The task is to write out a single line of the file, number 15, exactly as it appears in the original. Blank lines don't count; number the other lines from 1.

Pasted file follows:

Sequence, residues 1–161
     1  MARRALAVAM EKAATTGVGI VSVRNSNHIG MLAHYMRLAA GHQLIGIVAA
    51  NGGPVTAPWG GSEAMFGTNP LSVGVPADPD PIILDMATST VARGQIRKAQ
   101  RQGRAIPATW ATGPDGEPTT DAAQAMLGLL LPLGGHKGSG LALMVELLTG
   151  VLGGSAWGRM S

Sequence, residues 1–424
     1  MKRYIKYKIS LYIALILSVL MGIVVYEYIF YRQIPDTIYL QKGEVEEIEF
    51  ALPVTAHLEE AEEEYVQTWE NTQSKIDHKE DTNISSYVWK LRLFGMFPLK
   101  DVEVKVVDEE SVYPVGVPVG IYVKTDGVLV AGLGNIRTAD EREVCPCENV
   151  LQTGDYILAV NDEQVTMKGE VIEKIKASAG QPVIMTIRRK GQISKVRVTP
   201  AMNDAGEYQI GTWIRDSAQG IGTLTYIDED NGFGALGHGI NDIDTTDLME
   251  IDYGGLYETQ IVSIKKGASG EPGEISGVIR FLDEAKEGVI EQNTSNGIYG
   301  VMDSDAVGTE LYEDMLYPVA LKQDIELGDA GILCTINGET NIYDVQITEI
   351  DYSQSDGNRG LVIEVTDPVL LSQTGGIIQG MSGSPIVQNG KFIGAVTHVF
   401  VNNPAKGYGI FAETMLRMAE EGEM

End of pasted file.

   401  VNNPAKGYGI FAETMLRMAE EGEM